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Salt Lake City Bookkeeping Blog

Small Business Sales Lessons From A Car Salesman

Posted by Matt Roberge on Apr 30, 2014 7:00:00 AM

My car finally died.  My 1999 Subaru with over 180,000 miles died after I had been driving it for over 11 years.  The car didn't owe me anything.  It had seen some abuse going up and down the canyon roads and more off the beaten dirt roads in Montana than I can remember.  So after my car died I had a choice; pay for an engine repair or go car shopping.  I hate car shopping.  I think it is the feeling that you are getting ripped off even if you think you are getting a good deal.  However, I got some lessons from the car salesman I dealt with.

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Topics: Sales Advice, Small Business Sales

Three Things Your Accounts Receivable Can Tell You About Sales

Posted by Rick Roberge on Nov 22, 2013 7:00:00 AM

Rick Roberge frequently comments on this blog.  He's been a salesman for decades, but is recognized as an early adopter of tools, technology and techniques that help salespeople sell more effectively. He shares freely and has helped develop many 21st Century Sales Rock Stars. In his own words...

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Topics: Accounts Receivable, Sales Advice, Small Business, Small Business Sales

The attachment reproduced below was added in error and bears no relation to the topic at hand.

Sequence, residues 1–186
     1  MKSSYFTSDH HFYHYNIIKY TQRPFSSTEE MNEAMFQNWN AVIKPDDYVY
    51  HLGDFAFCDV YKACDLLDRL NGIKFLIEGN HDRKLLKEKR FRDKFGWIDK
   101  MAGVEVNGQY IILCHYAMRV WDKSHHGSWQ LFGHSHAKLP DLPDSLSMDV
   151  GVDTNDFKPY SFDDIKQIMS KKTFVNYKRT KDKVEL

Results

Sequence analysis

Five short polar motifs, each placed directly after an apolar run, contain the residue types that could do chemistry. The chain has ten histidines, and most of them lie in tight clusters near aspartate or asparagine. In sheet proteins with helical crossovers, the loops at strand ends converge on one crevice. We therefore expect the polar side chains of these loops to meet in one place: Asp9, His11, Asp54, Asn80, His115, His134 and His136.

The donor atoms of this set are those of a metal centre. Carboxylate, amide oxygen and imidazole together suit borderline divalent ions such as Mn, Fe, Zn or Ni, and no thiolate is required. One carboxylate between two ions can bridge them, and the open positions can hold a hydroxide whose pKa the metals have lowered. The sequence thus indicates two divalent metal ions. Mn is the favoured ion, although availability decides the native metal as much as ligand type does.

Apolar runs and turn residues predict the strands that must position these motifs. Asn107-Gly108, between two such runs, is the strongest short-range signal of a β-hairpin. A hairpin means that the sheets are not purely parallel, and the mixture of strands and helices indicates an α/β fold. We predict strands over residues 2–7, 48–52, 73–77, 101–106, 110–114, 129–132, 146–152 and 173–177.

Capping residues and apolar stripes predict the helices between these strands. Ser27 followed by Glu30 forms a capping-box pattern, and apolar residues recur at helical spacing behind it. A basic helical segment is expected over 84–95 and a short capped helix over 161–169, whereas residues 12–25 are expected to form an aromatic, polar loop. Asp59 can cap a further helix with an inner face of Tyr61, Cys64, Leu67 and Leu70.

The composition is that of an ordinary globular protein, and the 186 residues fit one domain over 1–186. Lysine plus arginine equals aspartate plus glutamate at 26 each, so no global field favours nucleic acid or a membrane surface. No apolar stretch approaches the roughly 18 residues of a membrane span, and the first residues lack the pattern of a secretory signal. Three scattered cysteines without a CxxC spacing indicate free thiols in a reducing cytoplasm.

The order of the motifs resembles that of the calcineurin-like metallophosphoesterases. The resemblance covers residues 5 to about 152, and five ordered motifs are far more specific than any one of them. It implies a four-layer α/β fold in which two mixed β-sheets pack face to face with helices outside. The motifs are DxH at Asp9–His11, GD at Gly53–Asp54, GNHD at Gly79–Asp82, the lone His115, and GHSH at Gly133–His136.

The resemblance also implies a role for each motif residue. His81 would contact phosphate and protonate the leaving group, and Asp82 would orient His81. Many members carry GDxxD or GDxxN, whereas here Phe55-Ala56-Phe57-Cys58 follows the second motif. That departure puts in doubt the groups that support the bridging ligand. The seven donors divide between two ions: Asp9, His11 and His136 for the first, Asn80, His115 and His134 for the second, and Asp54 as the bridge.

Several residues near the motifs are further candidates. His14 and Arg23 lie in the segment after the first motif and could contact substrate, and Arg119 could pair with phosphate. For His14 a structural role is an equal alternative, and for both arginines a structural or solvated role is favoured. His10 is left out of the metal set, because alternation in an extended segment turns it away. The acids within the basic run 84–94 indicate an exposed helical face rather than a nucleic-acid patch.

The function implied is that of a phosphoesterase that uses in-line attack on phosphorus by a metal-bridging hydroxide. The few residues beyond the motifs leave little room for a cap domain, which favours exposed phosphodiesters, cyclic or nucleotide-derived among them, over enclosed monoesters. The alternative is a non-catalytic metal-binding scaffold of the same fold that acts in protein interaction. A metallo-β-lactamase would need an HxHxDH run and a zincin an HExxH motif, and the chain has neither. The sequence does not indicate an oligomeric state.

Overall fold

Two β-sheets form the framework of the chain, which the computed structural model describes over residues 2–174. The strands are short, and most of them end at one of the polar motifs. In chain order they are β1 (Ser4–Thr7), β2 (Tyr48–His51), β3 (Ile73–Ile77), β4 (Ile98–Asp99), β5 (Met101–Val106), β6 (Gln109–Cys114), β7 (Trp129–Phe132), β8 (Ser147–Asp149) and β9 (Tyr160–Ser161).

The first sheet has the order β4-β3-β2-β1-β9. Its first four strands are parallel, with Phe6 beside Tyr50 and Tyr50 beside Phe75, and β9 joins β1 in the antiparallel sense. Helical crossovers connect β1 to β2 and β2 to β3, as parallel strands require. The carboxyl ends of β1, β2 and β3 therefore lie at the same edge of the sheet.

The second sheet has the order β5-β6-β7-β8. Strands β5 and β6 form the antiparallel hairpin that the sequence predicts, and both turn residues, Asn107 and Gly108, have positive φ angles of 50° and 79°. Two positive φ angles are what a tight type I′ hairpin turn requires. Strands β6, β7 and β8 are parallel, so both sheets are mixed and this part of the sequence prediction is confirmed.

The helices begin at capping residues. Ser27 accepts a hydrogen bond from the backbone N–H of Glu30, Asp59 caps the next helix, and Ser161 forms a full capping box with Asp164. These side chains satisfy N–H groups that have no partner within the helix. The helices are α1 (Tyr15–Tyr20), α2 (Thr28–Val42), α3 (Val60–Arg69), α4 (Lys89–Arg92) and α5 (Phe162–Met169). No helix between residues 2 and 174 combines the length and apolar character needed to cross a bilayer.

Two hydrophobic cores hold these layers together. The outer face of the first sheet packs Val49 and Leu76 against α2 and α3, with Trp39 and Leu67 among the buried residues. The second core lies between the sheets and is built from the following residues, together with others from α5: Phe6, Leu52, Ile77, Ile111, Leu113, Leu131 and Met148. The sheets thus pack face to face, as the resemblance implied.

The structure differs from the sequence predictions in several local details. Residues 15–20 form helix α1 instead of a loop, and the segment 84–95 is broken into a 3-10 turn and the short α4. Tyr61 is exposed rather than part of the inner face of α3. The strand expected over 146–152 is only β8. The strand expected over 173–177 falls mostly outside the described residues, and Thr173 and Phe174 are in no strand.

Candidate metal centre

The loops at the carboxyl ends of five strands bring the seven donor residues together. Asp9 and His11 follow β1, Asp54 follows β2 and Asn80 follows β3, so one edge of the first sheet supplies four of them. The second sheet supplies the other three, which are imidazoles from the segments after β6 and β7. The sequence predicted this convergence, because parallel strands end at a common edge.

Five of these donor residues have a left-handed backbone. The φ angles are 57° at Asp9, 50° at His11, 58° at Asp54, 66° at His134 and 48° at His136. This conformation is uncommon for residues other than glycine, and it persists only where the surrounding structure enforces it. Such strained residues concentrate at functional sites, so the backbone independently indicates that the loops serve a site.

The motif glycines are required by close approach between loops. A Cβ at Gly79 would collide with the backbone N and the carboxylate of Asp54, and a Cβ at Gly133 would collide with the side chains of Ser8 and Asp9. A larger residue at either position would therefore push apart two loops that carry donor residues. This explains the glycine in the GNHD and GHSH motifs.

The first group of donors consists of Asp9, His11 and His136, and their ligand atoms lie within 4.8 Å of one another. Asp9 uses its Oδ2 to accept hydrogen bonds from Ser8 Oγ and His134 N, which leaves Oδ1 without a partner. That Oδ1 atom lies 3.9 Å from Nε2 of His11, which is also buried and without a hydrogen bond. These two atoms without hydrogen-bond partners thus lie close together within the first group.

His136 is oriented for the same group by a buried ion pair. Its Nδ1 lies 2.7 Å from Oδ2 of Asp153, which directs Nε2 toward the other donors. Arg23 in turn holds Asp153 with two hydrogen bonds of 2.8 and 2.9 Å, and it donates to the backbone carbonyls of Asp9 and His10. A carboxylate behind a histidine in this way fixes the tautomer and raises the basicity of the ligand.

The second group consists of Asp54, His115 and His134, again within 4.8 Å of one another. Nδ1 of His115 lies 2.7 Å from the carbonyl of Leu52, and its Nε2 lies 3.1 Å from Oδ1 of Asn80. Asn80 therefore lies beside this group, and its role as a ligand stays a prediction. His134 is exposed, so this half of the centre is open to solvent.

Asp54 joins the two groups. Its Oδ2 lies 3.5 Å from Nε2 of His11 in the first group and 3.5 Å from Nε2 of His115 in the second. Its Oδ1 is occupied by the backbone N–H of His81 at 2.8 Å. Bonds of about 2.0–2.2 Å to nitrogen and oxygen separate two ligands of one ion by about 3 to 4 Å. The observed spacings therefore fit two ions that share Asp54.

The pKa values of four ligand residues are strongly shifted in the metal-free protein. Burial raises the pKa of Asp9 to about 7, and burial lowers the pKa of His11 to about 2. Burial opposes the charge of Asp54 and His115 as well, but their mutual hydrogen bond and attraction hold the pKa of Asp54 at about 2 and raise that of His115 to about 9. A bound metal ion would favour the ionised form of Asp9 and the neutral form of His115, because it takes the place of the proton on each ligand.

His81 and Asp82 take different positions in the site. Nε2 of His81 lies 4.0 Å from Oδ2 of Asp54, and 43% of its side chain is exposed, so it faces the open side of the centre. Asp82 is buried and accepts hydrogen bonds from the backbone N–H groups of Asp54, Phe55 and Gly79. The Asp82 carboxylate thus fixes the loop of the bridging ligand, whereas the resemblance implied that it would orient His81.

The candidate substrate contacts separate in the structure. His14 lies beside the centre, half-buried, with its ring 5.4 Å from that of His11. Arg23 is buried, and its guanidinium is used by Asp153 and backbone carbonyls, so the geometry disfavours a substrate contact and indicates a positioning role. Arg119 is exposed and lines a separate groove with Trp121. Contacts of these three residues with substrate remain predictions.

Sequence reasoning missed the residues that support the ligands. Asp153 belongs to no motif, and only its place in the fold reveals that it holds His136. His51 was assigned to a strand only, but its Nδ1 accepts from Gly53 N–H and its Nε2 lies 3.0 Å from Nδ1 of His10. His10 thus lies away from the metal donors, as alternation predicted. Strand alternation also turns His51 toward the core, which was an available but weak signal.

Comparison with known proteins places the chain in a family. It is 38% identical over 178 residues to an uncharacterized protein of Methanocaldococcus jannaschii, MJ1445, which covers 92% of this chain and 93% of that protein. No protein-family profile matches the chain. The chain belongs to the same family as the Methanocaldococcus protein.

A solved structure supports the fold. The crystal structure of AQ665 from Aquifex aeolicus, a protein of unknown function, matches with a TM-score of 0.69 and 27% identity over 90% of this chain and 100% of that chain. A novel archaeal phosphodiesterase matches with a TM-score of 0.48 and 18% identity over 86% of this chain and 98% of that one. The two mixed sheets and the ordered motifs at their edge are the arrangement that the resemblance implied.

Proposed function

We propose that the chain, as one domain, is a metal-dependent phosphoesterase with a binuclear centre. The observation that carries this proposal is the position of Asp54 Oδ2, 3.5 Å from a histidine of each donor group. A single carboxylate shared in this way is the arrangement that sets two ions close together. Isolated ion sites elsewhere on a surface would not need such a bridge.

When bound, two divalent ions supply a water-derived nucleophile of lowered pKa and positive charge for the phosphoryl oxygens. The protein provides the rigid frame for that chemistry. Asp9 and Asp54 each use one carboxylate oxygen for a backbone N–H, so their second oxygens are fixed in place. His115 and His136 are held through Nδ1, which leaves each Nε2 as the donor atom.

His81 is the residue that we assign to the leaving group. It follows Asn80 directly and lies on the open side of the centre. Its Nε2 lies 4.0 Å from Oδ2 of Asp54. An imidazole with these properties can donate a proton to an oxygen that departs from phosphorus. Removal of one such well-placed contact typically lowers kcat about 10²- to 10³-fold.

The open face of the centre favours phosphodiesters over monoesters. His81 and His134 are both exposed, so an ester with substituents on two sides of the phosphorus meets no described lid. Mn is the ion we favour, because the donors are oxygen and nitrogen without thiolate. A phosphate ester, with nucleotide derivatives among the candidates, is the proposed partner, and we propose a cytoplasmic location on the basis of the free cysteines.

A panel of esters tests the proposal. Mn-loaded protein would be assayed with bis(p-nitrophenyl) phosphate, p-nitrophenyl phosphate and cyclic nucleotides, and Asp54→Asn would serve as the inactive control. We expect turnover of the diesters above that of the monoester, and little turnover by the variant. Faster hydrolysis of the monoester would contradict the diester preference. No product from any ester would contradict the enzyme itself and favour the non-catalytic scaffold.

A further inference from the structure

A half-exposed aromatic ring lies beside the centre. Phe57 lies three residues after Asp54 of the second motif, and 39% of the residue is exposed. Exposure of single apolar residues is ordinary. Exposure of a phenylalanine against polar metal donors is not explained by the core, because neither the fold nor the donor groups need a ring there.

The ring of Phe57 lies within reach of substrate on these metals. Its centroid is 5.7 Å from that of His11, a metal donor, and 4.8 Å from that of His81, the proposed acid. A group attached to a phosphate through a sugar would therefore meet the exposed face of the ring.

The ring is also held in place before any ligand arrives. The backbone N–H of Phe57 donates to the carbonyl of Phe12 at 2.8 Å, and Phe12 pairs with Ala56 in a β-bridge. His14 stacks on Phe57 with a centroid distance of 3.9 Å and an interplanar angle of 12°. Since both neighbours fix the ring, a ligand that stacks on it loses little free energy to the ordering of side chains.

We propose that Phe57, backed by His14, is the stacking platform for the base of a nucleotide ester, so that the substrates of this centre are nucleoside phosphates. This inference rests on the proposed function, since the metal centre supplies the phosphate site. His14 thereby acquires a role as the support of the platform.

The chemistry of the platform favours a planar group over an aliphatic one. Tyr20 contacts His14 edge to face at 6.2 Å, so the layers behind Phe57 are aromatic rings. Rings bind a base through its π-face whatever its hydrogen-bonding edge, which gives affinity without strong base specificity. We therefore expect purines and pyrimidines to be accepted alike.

What A Fishing Guide Can Teach You About Your Small Business

Posted by Matt Roberge on Oct 18, 2013 7:00:00 AM

Today our sales manager Joe and I will be on day two of a three day float fishing trip on the Madison River so I thought it was fitting to post a fishing/business blog.  On the trip in addition to fishing we are talking 2013 financials, business opportunities and problems as well as 2014 forecasting and budgeting.  It's nice to clear your head and step out of the office to get a different perspective on your business.  Enjoy the post...cheers from the Madison in good old Ennis, Montana.

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Topics: Business Ideas, Sales Advice, Small Business Growth, Small Business Consulting, Small Business, Fishing and Business

5 Things You Can Do While Growing Your Small Business

Posted by Matt Roberge on Jul 10, 2013 7:00:00 AM

I_Cant_Grow_My_Small_Business.jpgAs I look back on growing my small business, I realize that I wasted a lot of time. I had a few clients and when my operations work was done for the week, I stopped working. It might have been that I was younger then and valued my free time as much as money.

However, now that I have had time to reflect, I realize that I could have grown my business faster if I had wanted to.

I think I knew some of the things I could be doing to grow my business, but I didn't know how to execute, or just didn't want to. Here are five things you can do as a small business owner to help grow your business.

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Topics: Sales Advice, Small Business Growth, Small Business, Entrepreneurship, Scaling A Business, Growth Coach

Why You Need To Stop Working In Your Business Today

Posted by Matt Roberge on May 6, 2013 7:00:00 AM

Right now are you working in your business or on your business? If you don't know the difference let me explain.  I equate working in your business as the operations or deliverables; the tasks that immediately bring money into the business.  On the other hand I consider working on your business to be tasks that are not billable.  Things like networking, online marketing, prospecting and sales are not billable now, but will hopefully lead to billable hours down the road.  So are you working on your business or in your business?  Which area should be your main focus and why?  Here is why I feel you need to consider working on your business to be your main focus.